Academic journal article European Journal of Sustainable Development

Social Learning Tools for Environmentally Sustainable Consumption Behavior in Primary Schools

Academic journal article European Journal of Sustainable Development

Social Learning Tools for Environmentally Sustainable Consumption Behavior in Primary Schools

Article excerpt

1.Introduction

"Human activity is putting such strain on the natural foundations of the earth that the ability of the Planet's ecosystems to sustain future generations can no longer be taken for granted" (Glasser,2009). Multiple problems that threaten environment and human life- like: global warming, ozone depletion, water and air pollution, loss of species and farmland erosion stand related to overconsumption of resources (Tanner, 2003; Said, 2003; Steg, 2009) production pattern and other human activity (Said, 2003; Hanss, 2013). Household consumption alone accounts for more than 60% of all environmental impacts (Park, 2011; Schrader, 2011). UN's Millennium Development Goals (2010) underlined sustainable consumption as important for environmental sustainability and combating poverty. Sustainable consumption simultaneously optimizes environmental, social, and economic consequences of acquisition, use and disposing off in order to meet the needs of both current and future generations (Phipps, 2013). One way to generate an enduring impact on curtailing and even reversing negative impact of household consumption activities on environment is by social learning (SL) (Glasser, 2009) and as Monroe (2003) suggests, this could have important implications for environmental education. Additionally, Glasser (2009) emphasizes that sustainable development is a lifewide and lifelong endeavor, involving individuals, institutions and societies. Special role for children is proposed as formation of attitudes towards environment begins at an early age (Bryant, 1977) and children play an important role in deciding or influencing present and future consumption patterns. To equip children with appropriate skills for making correct choices regarding environmental issues, SL could help gain concepts faster better (Light, 2000; Said, 2007). In this backdrop it makes sense to investigate which SL tools (active and/or passive tools) are perceived to be appropriate by teachers for delivering environmentally sustainable consumption behavior (ESCB) to children. While child's SL covers interactions it's with parents, teacher and peers; current study focuses only their interactions with teachers. This study is expected to give a broad overview of teaching tools perceived to be appropriate and effective for children. It is expected, judicious choice of tools by teachers would lead to better impact on children's understanding about environmental issues and their impact.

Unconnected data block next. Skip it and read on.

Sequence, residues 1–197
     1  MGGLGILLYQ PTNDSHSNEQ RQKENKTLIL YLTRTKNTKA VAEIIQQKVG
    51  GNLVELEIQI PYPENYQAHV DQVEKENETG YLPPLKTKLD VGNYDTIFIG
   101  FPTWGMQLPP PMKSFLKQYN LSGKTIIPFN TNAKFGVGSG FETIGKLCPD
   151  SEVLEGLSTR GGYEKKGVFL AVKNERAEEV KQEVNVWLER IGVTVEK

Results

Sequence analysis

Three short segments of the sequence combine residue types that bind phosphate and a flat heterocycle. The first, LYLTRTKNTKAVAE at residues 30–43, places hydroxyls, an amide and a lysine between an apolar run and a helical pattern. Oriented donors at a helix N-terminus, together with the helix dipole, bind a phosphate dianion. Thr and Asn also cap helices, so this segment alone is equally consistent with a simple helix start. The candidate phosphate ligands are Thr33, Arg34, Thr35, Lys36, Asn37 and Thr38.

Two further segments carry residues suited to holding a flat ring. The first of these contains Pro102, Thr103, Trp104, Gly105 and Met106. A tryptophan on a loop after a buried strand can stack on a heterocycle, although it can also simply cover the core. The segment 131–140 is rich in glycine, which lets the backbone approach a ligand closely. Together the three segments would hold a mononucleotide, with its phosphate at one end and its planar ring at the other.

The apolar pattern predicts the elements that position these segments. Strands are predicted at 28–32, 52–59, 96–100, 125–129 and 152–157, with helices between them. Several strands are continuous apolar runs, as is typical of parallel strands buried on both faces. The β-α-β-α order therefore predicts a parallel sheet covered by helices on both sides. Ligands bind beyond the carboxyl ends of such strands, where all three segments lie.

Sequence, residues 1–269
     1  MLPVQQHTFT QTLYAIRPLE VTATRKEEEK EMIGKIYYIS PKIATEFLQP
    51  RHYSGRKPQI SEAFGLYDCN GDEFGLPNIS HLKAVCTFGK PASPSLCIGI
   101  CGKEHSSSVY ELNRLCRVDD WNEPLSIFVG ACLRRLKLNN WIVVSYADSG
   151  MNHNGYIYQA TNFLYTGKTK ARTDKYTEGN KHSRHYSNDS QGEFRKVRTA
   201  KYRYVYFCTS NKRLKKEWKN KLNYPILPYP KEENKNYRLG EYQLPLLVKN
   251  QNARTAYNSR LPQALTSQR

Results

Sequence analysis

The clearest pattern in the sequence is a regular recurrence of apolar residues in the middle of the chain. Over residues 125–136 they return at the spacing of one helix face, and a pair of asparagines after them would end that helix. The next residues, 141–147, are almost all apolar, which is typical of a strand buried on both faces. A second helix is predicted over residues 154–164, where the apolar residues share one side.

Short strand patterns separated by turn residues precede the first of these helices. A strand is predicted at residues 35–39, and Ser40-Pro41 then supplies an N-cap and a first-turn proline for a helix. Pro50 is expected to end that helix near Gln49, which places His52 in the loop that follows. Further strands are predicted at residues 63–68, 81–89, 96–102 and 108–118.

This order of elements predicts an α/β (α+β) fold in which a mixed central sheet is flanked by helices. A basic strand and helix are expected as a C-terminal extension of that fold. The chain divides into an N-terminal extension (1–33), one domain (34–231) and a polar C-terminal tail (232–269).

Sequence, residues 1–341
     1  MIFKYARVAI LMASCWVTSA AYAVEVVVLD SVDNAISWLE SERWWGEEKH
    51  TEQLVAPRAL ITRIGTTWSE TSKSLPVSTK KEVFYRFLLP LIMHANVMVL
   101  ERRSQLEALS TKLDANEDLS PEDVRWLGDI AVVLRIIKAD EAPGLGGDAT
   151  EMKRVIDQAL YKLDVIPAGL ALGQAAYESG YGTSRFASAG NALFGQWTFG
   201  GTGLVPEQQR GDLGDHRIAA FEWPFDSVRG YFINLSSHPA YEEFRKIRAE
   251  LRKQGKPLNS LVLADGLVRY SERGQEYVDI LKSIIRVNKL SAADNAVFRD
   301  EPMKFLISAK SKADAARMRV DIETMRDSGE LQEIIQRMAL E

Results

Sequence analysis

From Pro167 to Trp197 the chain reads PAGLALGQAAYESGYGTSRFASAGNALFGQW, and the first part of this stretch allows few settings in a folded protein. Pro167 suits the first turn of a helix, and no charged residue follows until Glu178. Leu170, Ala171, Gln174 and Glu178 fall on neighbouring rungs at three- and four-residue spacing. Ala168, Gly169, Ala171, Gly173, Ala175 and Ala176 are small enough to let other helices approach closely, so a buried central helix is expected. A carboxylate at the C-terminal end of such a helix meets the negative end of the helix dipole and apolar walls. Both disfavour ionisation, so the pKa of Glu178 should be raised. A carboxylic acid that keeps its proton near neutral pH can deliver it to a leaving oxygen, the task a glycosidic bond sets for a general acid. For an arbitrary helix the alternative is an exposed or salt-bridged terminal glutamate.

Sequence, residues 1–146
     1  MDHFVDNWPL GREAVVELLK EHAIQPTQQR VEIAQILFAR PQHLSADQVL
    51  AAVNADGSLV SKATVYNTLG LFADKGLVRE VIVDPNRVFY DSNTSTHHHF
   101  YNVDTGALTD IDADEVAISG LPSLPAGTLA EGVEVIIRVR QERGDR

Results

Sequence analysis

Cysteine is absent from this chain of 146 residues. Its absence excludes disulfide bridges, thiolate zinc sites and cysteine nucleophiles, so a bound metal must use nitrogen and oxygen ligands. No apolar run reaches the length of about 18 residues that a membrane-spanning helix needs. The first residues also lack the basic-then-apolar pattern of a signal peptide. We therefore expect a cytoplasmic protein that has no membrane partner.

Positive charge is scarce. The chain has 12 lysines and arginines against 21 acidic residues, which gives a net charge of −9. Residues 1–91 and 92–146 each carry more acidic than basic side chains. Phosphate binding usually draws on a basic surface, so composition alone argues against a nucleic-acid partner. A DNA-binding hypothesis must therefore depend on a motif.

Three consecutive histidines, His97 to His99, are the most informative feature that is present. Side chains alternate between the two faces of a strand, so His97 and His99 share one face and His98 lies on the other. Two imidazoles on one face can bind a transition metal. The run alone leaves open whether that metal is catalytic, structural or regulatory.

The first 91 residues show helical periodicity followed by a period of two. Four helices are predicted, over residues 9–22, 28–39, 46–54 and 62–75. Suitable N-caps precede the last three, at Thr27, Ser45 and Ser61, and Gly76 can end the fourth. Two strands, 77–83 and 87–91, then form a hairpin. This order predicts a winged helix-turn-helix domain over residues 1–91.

2.Literature Review

This section gives a brief on sustainable development, then presents meanings and relationship amongst terms that are often used in context of sustainability and/or sustainable development. Later sub-sections extended applications of ESCB to children's context and the role education could play in enhancing desirable ESCBs among children. Last sub-section puts the role of SL learning and its tools (active and passive) for sustainability education.

2.1Sustainability, ESCB, Children

Rising environmental concern made "sustainability" the key issue in the twentieth century at multiple international forums - United Nations Conference on Human Environment, 1972; United Nations World Charter for Nature, 1982; World Commission on Environment and Development, 1992 and later at World Summit on Sustainable Development, Johannesburg, 2002. They were aimed at enhancing awareness and attitudes about environmental issues. Sustainable Development refers to "meeting the needs of current generations without limiting the ability of future generations to meet their own needs" (Burtland Commission, 1987) and focuses mainly on three dimensions of sustainability: economic, social and environmental(Pezzoli, 1997, see figure 1).

Other terms related to environmental sustainability are: pro-environmental behavior, environmentally sustainable behavior, environment friendly behavior and environmentally sustainable consumption behavior; these are often used interchangeably (Thogersen, 2002) and have been defined by overlapping meanings (Kollmuss,2002; Eialm,2012; Eialm,2012;Sawitri, 2015). …

Search by... Author
Show... All Results Primary Sources Peer-reviewed

Oops!

An unknown error has occurred. Please click the button below to reload the page. If the problem persists, please try again in a little while.